Alternative Thinking about Adam and Eve
Here is some alternative thinking about how to approach teaching the story of Adam and Eve to children.
Traditionally, Sunday School lessons tends to focus on these things in the story of Adam and Eve:
- Tree of Knowledge of Good and Evil
- Forbidden Fruit
- The Serpent
- Defining "sin" and "Original Sin" (the origin of sin).
- Portraying Eve as the temptress.
- Portraying God as "the punisher" (throwing them out of paradise).
- Re-enacting the story with a focus on the first parts (garden, tree, fruit, blame, serpent) because they have a lot of dialog and visuals (as opposed to the second part of the story: God in the evening breeze, bushes, clothes, cast out).
- Craft projects that recreate the "props" in the story (apples, trees, serpents)
(1) Probably because many of the above present us with great visuals, dialog, and drama.
And perhaps... (2) Because most adults don't remember the second half of the story as well as the first.
But what a missed opportunity this traditional approach is. By focusing on "the apple" part of the story, we tend to turn the story of Adam and Eve into a cartoonish morality play, instead of a story about our sin, how God responds, and our relationship with God.
Look again at this story...
Read the story as if it were a parable.....
The first part with serpent/forbidden fruit is merely a "setup" for the CENTRAL episode: when God comes to FIND us and talk to us about our sin. (Think of it, for example, as what the Father might have done if the Prodigal had not come home!)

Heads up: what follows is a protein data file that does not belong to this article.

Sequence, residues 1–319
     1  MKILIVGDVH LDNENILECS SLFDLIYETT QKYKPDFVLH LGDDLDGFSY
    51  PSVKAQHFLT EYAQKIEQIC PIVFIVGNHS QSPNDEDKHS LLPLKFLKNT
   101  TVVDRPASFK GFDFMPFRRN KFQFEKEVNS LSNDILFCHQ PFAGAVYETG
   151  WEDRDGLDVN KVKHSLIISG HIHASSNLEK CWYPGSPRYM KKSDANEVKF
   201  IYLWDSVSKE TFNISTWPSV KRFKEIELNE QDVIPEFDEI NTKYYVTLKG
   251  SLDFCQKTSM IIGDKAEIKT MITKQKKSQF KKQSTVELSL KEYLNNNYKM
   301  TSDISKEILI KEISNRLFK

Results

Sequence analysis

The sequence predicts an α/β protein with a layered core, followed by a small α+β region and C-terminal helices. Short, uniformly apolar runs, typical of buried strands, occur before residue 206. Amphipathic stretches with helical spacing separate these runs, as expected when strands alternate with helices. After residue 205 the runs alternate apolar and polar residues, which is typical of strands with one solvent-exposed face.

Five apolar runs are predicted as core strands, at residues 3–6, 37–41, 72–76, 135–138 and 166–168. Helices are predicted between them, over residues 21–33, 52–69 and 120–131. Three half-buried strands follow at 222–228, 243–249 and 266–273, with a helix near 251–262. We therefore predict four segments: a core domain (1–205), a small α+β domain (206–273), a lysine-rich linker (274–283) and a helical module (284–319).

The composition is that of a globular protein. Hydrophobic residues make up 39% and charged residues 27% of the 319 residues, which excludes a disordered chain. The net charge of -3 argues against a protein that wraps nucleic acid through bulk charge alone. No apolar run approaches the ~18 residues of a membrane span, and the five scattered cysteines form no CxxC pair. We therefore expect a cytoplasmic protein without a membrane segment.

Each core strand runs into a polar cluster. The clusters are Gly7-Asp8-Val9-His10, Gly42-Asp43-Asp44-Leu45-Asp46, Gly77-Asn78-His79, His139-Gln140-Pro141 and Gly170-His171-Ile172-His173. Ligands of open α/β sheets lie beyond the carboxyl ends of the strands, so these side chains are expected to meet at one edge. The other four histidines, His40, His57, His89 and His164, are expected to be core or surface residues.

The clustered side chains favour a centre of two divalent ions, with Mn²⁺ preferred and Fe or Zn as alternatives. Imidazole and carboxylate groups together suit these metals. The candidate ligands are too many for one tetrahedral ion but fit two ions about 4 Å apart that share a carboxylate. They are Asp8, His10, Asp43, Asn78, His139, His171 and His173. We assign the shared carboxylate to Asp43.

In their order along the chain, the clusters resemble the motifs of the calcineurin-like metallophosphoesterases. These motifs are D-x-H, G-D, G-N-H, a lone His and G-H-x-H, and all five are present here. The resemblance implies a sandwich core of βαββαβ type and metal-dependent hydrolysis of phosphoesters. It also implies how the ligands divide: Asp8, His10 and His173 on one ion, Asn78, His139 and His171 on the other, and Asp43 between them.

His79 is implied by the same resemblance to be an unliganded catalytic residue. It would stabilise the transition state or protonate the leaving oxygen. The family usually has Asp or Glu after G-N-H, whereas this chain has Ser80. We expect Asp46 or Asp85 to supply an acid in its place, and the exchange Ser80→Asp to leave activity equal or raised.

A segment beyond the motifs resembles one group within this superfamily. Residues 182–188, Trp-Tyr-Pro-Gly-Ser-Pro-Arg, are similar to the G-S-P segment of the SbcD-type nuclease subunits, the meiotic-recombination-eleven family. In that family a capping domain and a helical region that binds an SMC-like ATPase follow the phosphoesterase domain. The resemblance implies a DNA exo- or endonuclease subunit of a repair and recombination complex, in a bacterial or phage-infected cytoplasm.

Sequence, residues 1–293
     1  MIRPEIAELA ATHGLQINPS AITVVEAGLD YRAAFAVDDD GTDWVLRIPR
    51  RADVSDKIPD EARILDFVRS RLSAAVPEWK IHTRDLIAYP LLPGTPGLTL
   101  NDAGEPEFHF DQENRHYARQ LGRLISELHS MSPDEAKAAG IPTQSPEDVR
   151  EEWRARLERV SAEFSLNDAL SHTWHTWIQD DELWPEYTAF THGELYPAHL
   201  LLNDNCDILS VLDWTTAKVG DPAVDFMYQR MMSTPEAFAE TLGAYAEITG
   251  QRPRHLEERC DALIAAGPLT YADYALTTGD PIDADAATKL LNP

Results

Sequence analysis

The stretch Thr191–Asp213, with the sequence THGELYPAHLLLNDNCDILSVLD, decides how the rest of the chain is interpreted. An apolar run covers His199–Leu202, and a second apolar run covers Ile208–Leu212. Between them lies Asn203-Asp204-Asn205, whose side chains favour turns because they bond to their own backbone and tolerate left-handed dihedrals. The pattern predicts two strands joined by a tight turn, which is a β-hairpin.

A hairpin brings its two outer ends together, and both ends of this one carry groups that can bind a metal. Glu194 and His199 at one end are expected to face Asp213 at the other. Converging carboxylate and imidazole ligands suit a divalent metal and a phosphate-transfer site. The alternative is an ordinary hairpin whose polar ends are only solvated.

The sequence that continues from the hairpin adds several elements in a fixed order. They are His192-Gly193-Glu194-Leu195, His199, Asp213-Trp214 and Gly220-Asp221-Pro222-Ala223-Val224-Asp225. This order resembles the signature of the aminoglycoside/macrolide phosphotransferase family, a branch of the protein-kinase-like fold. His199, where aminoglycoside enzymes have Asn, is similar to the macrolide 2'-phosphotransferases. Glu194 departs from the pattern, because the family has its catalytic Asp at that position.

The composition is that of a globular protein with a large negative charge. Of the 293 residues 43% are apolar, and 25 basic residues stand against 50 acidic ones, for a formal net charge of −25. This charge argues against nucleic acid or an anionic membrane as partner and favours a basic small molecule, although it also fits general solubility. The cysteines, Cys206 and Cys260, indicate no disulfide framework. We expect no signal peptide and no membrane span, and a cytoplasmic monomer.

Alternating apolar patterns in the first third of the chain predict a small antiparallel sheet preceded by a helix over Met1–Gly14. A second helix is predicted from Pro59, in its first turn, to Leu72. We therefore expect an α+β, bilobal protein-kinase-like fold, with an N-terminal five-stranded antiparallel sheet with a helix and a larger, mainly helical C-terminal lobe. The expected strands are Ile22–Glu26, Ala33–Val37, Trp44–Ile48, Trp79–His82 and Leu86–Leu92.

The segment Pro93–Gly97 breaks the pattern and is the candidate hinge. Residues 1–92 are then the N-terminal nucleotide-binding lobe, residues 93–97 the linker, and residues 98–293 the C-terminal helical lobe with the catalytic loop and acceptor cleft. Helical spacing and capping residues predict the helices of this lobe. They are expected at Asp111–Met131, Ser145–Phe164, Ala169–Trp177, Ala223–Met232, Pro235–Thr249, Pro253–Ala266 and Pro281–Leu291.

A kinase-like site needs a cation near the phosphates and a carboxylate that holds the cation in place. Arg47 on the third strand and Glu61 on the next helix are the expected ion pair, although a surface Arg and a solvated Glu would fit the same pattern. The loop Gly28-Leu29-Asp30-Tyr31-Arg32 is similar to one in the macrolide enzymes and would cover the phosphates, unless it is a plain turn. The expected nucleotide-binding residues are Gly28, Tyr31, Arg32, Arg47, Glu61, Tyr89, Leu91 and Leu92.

When we focus on GOD in the story (like you would do in a Jesus parable), we come to understand that of course, God already knew they (we) had sinned when he came looking for them in the evening breeze. He waited, then he comes calling their (our) names, giving us the opportunity to step forward. God knows where we are and what we've done.
This realization SHIFTS the CENTER of the story aware from the (predictable) disobedience, and towards God's response to our sin, and what WE are supposed to do after we sin.
Synopsis: God comes looking for Adam and Eve in the garden during the evening breeze (cool of the day), and not with punishment in mind, but calling their names (knowing where they are all the time, and already knowing what they've done!). Their response? Hiding. And when God calls them out they try to avoid responsibility. THAT is when God gets mad. But the story doesn't end there! God makes them clothes, and goes with them into banishment.
Most kids and teachers will only focus on "getting punished" and completely overlook the fact that before God banishes them, he makes them clothing to cover their shame, and then God goes WITH them into the world. (Recall that Jesus promises to take our burdens from us and give us rest?)
In fact, you could say this is primarily a story about "God Sticking With Us"(Emmanuel). God sticks with us even when we try to hide, and goes with us even as we lead difficult lives brought on by our sin. It's a gospel: sin and salvation, ...just like the parable of the Prodigal Son is the Gospel in miniature.